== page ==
Alitalia strikers get a dose of shock therapy

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The Independent Online
ANDREW GUMBEL

Rome

Anyone used to the wearisome business of air travel in Italy will not be surprised to learn that Alitalia pilots have been staging a wildcat strike in the past few days, creating chaos at airports up and down the country.

What may be more of a surprise is that the Italian government chose to take spectacular and unprecedented action this weekend to force them back to work and that the whole country cheered as it did so.

The Ministers for Transport and Labour, Giovanni Caravale and Tiziano Treu, invoked a special law to end strikes that affect public services, declaring a ban on industrial action for a week.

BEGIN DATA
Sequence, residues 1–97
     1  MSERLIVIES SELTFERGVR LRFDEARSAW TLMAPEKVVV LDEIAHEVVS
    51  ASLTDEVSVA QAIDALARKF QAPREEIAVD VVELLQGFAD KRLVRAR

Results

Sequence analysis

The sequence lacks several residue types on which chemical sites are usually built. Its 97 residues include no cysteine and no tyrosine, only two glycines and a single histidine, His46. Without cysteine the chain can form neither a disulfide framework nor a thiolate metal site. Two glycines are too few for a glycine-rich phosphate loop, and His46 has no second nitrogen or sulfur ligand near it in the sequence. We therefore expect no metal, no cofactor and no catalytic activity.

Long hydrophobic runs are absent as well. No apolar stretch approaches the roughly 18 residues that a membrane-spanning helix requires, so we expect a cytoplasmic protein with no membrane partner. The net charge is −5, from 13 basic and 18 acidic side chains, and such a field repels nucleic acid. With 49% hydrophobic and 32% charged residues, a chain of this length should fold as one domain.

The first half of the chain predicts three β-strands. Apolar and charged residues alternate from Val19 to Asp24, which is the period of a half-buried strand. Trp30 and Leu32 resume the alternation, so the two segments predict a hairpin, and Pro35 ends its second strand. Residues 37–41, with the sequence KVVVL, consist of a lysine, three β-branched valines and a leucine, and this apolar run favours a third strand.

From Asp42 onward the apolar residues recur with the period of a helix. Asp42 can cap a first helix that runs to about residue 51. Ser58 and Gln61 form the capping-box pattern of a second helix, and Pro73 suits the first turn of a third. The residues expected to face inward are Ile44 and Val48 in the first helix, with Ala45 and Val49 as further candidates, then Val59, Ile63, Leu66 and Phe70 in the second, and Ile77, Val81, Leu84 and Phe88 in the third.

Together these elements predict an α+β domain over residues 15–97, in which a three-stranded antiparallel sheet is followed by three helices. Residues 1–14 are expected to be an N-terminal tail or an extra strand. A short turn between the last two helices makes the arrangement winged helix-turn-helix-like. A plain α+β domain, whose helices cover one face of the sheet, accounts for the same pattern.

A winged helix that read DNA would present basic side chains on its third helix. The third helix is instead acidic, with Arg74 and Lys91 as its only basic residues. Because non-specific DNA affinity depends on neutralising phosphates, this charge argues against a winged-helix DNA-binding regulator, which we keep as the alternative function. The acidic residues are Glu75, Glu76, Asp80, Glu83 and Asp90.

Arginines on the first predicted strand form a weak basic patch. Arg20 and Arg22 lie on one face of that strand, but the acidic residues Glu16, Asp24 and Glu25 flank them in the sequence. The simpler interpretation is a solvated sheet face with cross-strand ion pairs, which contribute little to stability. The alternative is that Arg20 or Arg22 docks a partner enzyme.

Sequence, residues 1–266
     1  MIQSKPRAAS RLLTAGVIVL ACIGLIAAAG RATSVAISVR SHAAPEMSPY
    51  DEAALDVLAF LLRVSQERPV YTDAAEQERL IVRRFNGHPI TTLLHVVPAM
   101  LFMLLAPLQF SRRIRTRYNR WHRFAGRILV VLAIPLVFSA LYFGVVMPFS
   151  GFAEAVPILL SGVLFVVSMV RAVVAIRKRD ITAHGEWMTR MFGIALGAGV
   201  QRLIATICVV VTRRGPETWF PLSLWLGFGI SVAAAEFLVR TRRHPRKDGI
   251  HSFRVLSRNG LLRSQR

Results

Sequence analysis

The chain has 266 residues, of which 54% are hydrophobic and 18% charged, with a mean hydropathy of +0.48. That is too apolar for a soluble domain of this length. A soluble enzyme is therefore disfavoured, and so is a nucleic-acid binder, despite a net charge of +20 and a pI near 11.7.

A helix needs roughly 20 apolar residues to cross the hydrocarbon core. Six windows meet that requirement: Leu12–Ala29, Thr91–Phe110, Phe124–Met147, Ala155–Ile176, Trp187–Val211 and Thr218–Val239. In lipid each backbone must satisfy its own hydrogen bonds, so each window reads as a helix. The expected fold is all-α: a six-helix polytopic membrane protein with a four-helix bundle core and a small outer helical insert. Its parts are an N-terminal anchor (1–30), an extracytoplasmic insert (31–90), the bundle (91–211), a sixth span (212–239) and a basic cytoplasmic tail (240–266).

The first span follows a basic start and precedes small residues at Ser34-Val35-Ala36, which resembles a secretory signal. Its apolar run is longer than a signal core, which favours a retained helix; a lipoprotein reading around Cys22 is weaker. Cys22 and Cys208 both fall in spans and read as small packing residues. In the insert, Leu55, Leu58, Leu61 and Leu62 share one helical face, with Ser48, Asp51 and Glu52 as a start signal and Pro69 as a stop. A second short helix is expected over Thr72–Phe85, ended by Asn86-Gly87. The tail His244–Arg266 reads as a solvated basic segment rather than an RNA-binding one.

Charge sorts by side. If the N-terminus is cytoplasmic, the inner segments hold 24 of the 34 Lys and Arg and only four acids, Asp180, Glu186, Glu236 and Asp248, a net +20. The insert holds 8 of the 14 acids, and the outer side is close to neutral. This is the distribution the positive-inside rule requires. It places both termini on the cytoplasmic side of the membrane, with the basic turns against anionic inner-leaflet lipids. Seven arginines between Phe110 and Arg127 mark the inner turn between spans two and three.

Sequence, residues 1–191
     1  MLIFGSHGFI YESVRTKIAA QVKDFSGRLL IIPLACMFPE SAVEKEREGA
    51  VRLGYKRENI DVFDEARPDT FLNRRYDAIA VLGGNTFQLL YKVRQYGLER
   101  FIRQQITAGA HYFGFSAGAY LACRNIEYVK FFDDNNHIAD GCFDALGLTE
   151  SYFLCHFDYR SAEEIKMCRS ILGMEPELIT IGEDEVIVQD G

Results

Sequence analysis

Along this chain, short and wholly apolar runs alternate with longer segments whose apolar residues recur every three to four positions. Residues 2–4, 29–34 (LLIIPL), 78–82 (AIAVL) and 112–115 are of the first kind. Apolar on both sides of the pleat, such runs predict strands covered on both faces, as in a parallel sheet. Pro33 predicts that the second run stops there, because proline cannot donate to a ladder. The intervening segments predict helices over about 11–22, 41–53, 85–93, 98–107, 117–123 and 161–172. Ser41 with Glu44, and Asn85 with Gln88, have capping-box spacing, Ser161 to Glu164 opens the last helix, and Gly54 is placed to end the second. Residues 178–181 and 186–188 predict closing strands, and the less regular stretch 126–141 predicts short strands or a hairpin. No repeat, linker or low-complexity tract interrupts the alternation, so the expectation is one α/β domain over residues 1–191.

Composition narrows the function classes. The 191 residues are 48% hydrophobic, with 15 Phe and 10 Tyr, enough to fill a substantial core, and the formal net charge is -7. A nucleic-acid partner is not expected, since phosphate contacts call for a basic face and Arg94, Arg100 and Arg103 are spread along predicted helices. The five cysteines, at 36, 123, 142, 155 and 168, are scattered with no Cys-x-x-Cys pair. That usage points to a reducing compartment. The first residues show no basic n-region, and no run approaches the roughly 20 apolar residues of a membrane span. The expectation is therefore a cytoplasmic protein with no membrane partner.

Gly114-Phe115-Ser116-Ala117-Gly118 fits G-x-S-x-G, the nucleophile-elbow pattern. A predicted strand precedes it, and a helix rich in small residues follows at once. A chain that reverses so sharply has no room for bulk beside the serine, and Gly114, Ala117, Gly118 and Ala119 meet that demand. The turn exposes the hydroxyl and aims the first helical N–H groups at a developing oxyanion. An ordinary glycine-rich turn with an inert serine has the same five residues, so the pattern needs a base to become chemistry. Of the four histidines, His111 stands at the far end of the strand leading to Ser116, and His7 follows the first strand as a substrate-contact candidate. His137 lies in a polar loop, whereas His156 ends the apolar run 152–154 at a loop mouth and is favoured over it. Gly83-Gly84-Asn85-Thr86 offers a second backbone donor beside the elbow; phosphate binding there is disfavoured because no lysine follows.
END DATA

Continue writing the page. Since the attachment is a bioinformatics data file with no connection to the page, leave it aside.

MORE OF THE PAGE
At the same time, judicial authorities opened investigations on 340 pilots to challenge their story that they all fell ill with headaches at the same time - and sent doctors to check their medical condition. Tax inspectors also began checking pilots' records for irregularities.

The most severe response to a transport strike in the West since Ronald Reagan fired air traffic controllers in 1981 was effective, and by yesterday, Italy's airports were functioning normally.What was remarkable was the public response in this most union-conscious of countries. Even left-wing newspapers accused the pilots of "sedition" and of damaging Italy's image abroad, as they did not follow strike procedure and announce their action 10 days in advance.

The pilots' side of the story was barely told at all: that they are working harder and harder, sometimes with unfamiliar crews and cabin staff sub- contracted from an Australian company, as part of a restructuring package.

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